Posts Tagged 'Colonial American Art'

Teaching with Colonial American Art

Desk and Bookcase, Nathaniel Gould, 1760-1780, Dallas Museum of Art, The Faith P. and Charles L. Bybee Collection, gift of the Tri Delta Charity Antiques Show

Every Monday throughout the school year our docents are trained on the DMA’s collection and special exhibitions. Morning sessions consist of art historical training related to special exhibitions, new acquisitions, and the collection. Afternoon sessions focus on how to teach K-12 student groups with works of art.

On January 3, Jenny Marvel and I led docent training in the Colonial American galleries. We focused on methods of teaching K- 12 students with portraits and furniture from the collection.  These objects were chosen to make connections between the past and present. When studying Colonial American art, it is important to remember that works of art tell stories and have history behind them. Colonial American art shows how some people lived during the beginning of our nation. It also displays eighteenth century artistic capabilities.

First, Jenny read excerpts from George Washington’s Breakfast, by Jean Fritz, and made connections  in front of Rembrandt Peale’s portrait of our first President. We learned the following information about Washington:

  • George Washington was 6’4″ tall. He was a tall man!
  • George Washington was the leader of the Continental Army, which defeated the British army in 1787. Shortly after, George became the first President of the United States. He held this position from 1789-1797.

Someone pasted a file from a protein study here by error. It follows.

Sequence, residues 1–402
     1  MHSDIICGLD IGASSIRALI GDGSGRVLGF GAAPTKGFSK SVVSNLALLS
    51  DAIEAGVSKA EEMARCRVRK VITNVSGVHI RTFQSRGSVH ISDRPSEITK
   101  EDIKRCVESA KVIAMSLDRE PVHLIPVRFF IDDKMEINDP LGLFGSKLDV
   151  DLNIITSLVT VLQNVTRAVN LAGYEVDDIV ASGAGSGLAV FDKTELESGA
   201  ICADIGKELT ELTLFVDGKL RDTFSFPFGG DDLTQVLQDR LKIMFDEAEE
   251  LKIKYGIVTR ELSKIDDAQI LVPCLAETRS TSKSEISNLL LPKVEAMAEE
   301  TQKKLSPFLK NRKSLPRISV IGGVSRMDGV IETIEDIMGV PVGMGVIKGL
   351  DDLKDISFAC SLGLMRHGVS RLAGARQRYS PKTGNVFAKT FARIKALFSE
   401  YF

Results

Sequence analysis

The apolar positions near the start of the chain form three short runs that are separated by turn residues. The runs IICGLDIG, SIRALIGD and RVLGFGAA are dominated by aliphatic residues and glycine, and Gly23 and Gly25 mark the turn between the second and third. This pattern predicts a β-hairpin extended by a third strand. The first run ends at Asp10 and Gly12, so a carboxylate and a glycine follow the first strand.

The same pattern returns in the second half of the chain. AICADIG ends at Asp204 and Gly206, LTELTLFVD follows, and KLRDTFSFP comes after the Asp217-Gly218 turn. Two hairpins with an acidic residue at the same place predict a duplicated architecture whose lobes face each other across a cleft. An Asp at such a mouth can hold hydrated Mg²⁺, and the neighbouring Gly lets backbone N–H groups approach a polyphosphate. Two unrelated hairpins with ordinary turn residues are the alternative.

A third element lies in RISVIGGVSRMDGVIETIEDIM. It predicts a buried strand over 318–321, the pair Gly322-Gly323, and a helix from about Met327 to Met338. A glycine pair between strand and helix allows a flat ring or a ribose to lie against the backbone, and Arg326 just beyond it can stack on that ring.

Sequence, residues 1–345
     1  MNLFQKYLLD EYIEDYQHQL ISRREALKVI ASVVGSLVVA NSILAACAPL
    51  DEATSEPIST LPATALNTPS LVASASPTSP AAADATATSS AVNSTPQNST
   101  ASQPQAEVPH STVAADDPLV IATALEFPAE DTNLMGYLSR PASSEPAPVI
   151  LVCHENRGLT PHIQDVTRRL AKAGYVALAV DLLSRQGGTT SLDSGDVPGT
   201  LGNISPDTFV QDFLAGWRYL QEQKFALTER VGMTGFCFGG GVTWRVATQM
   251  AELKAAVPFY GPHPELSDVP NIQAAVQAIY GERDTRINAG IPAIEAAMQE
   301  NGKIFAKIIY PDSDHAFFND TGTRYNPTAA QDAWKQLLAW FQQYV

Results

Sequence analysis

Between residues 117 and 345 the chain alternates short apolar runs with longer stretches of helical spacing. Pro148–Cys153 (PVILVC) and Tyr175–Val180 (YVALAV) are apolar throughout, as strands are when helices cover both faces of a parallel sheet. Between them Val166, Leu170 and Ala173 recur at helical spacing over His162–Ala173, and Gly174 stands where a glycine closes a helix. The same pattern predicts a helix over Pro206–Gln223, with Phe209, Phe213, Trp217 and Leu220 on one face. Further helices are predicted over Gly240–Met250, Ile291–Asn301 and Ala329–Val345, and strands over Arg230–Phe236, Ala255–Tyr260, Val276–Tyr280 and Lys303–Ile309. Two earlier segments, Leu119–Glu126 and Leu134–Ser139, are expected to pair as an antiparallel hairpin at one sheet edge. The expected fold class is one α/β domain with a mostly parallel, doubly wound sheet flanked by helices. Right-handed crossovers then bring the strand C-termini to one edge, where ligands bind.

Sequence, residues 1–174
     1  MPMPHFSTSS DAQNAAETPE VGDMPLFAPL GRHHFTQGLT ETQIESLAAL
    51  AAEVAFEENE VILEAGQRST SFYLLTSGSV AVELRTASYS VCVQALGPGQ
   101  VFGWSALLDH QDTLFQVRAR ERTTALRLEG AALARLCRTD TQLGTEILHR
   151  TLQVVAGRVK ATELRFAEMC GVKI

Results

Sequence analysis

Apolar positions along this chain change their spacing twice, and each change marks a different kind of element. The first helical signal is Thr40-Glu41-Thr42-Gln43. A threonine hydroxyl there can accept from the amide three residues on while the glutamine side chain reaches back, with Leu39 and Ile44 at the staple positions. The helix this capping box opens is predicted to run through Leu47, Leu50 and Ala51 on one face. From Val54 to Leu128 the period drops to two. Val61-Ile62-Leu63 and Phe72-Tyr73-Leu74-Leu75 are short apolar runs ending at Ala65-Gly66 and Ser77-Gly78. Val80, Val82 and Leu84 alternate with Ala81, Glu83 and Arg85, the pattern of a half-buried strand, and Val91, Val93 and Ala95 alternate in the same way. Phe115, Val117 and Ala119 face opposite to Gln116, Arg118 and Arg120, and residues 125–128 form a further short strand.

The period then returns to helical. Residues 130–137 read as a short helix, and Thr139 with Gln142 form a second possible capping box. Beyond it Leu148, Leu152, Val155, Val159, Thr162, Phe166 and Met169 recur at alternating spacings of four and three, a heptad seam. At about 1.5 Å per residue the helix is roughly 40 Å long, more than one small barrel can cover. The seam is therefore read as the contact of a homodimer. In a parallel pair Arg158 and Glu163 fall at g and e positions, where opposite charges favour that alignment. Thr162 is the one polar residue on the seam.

• George Washington wore dentures. By time he took the oath of office as President at age 57, he was wearing full dentures. Washington’s dentures represented the latest advancements in dental technology. Contrary to popular myth, his false teeth were not made of wood but of human and cow teeth as well as elephant and walrus ivory. They required frequent adjusting to function naturally, and he repeatedly sent them to John Greenwood, his dentist in New York City, for repairs.
  • George Washington lived at Mt. Vernon with his wife, Martha. Mount Vernon was home to Washington for more than 45 years.

For the other half of training, I focused on the Desk and Bookcase. Some questions I asked docents to think about while looking at the piece include:

  • Look closely at the furniture’s feet. Do you see other objects with similar feet throughout the rest of the gallery?
  • Flat columns appear on the exterior of the object. What other architectural elements do you see? Why do you think these are incorporated into the piece?
  • The object cost $31.00 in the eighteenth century, making this an expensive object! What design elements make you think this is an expensive piece?
  • The desk and bookcase stored important papers, receipts, and other items for its merchant owner. If you owned this object what would you put in it?

Amy Wolf
Coordinator of Gallery Teaching


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